RPA deals typically with a lot of confidential business data. RPA’s software robots process information from numerous company databases and log into different accounts using supplied credentials to automate daily business tasks like transferring files, processing orders, and conducting payroll. In this approach, the automation platform has access to a company’s employees, customers, and vendors’ information (inventory lists, passwords, and so on).
RPA credentials are commonly exchanged to reuse them. Because these accounts and credentials are left unmodified and unsecured, a cyber attacker can grab them, use them to escalate privileges, and move quickly to get access to critical systems, applications, and data. Administrators, on the other hand, can extract credentials from vulnerable sites because many businesses that use RPA have many bots in production at any given moment, the risk is very significant.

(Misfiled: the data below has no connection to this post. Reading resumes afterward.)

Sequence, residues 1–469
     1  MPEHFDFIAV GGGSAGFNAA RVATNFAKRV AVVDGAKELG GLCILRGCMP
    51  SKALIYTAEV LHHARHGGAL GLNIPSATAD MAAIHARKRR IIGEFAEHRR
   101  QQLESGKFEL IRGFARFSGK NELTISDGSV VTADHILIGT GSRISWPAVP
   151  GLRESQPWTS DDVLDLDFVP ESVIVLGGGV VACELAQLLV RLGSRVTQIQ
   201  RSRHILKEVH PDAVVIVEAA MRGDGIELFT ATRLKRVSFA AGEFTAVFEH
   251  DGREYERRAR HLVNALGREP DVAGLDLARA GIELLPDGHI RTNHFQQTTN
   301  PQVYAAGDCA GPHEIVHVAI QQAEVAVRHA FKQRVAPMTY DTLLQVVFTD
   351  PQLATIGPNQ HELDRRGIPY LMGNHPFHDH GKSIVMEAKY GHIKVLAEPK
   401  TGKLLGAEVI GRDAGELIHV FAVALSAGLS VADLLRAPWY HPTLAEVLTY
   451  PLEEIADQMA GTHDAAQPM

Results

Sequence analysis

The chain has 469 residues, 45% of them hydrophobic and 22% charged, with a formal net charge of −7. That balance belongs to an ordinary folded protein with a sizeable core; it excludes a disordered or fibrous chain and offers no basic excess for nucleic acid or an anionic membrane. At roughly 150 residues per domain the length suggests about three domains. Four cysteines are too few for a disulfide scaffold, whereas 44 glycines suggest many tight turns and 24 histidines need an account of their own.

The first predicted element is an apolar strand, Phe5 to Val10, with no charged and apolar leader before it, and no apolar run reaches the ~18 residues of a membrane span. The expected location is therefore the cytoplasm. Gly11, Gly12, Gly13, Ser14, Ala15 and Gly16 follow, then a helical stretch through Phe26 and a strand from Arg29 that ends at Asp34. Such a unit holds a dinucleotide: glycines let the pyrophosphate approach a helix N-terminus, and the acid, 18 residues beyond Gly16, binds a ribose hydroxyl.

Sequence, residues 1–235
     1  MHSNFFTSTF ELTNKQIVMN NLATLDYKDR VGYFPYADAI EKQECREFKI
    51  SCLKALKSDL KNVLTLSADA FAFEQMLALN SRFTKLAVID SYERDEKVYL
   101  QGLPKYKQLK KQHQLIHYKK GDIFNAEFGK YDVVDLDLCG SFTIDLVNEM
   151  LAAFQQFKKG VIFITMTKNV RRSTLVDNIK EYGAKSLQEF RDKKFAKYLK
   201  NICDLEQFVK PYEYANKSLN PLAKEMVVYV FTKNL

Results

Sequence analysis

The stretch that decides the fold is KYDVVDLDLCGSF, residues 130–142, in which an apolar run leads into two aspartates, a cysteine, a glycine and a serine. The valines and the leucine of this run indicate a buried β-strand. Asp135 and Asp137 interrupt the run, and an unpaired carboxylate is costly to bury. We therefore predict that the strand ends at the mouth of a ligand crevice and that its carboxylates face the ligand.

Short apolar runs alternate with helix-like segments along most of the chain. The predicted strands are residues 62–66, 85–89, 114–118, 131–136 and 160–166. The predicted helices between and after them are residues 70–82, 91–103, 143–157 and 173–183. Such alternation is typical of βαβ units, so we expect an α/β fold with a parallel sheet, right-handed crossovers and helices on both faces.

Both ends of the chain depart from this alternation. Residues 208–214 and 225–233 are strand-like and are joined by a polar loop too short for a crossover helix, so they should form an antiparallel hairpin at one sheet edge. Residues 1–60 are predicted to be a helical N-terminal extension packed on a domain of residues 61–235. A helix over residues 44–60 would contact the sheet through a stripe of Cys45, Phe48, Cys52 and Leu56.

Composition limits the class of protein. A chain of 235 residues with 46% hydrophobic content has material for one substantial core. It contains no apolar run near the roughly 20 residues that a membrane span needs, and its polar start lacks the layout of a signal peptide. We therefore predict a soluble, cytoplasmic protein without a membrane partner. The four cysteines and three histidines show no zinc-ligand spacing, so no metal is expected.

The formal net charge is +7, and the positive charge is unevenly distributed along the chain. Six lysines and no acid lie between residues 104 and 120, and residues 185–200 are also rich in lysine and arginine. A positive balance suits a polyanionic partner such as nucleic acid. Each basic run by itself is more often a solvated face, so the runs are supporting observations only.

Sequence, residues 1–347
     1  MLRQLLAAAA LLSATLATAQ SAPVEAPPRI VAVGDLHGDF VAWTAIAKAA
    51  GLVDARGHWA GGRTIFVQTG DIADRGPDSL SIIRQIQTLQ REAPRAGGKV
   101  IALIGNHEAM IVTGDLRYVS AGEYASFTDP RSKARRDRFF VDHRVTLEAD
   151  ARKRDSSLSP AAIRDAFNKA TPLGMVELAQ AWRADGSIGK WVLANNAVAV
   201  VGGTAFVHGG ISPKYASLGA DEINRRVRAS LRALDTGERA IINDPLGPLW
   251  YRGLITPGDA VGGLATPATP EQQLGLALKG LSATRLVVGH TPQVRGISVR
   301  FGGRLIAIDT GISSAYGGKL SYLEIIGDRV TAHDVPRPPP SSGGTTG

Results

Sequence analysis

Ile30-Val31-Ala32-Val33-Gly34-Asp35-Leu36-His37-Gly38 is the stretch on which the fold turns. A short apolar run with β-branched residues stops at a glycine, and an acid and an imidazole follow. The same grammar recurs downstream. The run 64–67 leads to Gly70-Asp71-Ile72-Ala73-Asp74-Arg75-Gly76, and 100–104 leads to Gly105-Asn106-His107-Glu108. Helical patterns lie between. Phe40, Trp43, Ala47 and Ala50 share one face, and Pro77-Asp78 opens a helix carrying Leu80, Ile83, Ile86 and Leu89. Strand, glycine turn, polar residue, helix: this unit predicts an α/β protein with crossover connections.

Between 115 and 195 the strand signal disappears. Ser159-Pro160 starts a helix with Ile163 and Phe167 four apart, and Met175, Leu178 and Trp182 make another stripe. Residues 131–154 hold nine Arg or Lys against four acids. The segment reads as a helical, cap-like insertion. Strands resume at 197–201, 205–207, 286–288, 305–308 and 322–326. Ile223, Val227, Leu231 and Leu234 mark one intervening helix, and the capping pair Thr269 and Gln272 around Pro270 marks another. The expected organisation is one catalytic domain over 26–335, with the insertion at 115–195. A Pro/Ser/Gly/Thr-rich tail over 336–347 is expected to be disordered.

Using this checklist recommended by Dr. Jagreet Kaur Gill to ensure the security of your RPA system should be beneficial:
- For bot access, always use a secure authentication mechanism.
- Create a central password vault to store the credentials of all bots in your organization and make sure it’s encrypted.
- Each bot requires its own set of login credentials.
- After removing a bot from production, do not leave any sensitive credentials on it.
- Use two-factor authentication for administrative accounts to offer an extra degree of security to your RPA system.
- Limit sensitive information access to only those who require it, and review user permissions regularly to ensure that they still have the necessary access.
- Use multifactor authentication to limit access to the RPA system to lawful users who have authentications (2FA).